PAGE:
How those spirits will coexist with the preservation of a People’s Republic that bears distinct resemblances to the empires of old is a major question for our times, for which this book supplies much food for thought, informing the wider debate while retaining its value as a closely observed picture of how some Chinese live today.
This is an ambitious and important book that goes far beyond the voyeurism of 24-hour news to identify something timeless and troubling. Shortly after the drownings, Pope Francis spoke of “a day for tears”. Emma Jane Kirby challenges us to do more than cry.
So intriguing is Nem that I would have liked to read more verbatim – perhaps even an appendix containing transcripts of the interviews. That is to quibble. The complexities of Nem’s character are all too evident.
Especially vivid is the portrayal of Anna Wolkoff...has a rare talent for isolating details that capture the feel and tempo of London’s past.
This is a very intelligent book, full of sharp insights and mordant wit. But as Harari would probably be the first to admit, it’s only intelligent by human standards, which are nothing special. By the standards of the smartest machines it’s woolly and speculative.
...as Norse tales have not received quite the same attention as, say, the Greek myths, it is nice to see someone passing these stories along to inspire another generation.
In 36 days, he meets an extraordinary succession of other poputchiki, and shares lorry cabins, dire rooms and frozen water buckets with them. The narrative is fuelled by diesel, vodka and tears; Hugo-Bader avoids sentimentality, and has a talent for unearthing grubby human stories and extracting gold from them.
Mr Beer’s book makes a compelling case for placing Siberia right at the centre of 19th-century Russian—and, indeed, European—history. But for students of Soviet and even post-Soviet Russia it holds lessons, too.
I did not enjoy this collection. Enjoyment is beside the point. One does not enjoy being shown the child in Omelas' basement. But it's crucial to see, crucial to negotiate one's position to that child with clear eyes. I admire the achievement of this collection greatly...
Mr Harding poignantly describes the churning of emotions that many migrants (not just Somalis) experience as they are tossed and tugged between competing cultures.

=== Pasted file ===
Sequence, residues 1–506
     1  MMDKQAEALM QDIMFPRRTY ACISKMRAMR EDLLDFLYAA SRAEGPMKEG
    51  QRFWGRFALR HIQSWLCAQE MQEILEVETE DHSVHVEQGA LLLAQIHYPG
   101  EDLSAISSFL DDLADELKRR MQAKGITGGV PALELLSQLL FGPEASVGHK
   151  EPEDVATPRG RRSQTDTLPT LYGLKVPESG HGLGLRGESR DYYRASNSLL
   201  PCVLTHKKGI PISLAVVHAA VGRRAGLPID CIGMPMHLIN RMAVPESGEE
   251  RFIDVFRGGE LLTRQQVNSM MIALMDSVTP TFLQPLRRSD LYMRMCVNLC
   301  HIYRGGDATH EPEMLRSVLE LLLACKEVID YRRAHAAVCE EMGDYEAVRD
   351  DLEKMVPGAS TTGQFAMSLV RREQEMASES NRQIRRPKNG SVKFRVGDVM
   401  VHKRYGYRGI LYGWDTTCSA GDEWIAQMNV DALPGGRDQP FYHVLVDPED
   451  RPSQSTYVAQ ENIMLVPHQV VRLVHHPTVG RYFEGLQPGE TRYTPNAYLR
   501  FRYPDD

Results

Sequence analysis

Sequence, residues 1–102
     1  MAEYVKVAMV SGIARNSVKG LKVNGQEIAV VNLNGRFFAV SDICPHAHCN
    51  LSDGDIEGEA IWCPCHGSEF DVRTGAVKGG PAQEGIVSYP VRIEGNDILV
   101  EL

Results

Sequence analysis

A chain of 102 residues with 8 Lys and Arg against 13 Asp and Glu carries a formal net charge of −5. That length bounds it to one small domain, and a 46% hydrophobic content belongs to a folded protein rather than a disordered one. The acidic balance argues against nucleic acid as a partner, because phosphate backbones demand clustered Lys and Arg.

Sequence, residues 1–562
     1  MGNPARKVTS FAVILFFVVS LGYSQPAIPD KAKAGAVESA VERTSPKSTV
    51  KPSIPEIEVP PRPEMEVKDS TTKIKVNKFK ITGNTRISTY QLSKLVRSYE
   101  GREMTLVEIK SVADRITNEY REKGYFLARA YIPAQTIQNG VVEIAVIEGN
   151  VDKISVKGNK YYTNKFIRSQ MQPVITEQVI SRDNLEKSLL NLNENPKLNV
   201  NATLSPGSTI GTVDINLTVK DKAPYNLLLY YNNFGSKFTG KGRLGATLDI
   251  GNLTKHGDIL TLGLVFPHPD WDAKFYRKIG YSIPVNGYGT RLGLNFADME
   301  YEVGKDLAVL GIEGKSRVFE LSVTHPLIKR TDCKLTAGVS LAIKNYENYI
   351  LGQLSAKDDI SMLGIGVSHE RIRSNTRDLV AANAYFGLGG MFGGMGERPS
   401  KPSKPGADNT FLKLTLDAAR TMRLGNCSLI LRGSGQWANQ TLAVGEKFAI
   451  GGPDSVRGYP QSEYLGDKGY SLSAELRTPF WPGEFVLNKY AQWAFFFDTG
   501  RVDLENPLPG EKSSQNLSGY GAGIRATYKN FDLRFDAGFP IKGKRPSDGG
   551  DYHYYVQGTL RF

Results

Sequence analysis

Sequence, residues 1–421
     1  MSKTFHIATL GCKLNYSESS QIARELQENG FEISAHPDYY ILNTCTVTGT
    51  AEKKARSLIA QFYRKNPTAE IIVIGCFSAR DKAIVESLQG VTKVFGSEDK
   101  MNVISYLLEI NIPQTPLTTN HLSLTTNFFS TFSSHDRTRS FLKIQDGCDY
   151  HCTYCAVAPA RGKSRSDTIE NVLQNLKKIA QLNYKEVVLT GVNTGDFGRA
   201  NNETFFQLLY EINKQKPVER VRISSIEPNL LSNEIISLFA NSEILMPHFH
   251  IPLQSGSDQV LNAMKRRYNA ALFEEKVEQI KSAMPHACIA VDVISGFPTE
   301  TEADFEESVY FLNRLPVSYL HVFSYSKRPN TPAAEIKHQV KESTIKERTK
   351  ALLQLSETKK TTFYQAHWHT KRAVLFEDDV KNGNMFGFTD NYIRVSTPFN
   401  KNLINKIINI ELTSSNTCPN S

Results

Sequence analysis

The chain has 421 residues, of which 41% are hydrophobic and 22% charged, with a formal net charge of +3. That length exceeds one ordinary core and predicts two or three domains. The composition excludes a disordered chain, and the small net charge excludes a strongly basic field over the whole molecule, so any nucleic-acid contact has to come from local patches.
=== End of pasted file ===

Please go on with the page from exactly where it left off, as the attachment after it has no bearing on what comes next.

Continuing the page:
This must be that talent for "boiling things down" that Mr. Micklethwait talked about! God bless this man. May he never stop writing books.
L’Ouverture nonetheless showed himself to be those men’s superior, philosophically, politically and militarily — a point made by C.L.R. James that survives mostly intact in Philippe Girard’s sophisticated and anti-mythological biography.
As candid and earnest as we can hope for from a polished TV personality, Kelly’s memoir delivers on decency and encouragement.
Among its components are bonds and land, of course, but also, not surprisingly, “physical gold and silver…(coins and bars, no numismatics)” and, more surprisingly, museum-quality fine art. There’s much for the alarmist here but food for thought for the calm investor, too.
This rises far above satire or parody because what Poole actually says is largely both true and interesting. I don’t think anyone has subverted the smart-thinking genre like this before. That’s inspired rethinking.
There’s not much what-if here and certainly no indecision. Instead, as if rallying the troops, Sanders writes confidently of a program that’s sure to be revisited in 2020.
In this passionately argued book, Sutton claims that the level of poverty today means we may see food riots again: “We need to rethink our food systems.”
More than a mere guidebook, this is Bianculli's bible of TV — a wise, engaging celebration of a type of entertainment that's as much of an art form as it is a pastime.
...adds an important detail: like wind and water, globalisation is powerful, but can be inconstant or even destructive. Unless beloved notions catch up with reality, politicians will be pushed to make grave mistakes.
Bravely, in an era of secularism or religious fundamentalism, this is also a novel about the uncertain pleasures of faith. From Beg’s childless housekeeper, praying for a baby among plastic flowers and gold icons, to the prostitute punning on the last supper (“Take this body, it’s how I earn my bread”), the book raises difficult sacred questions.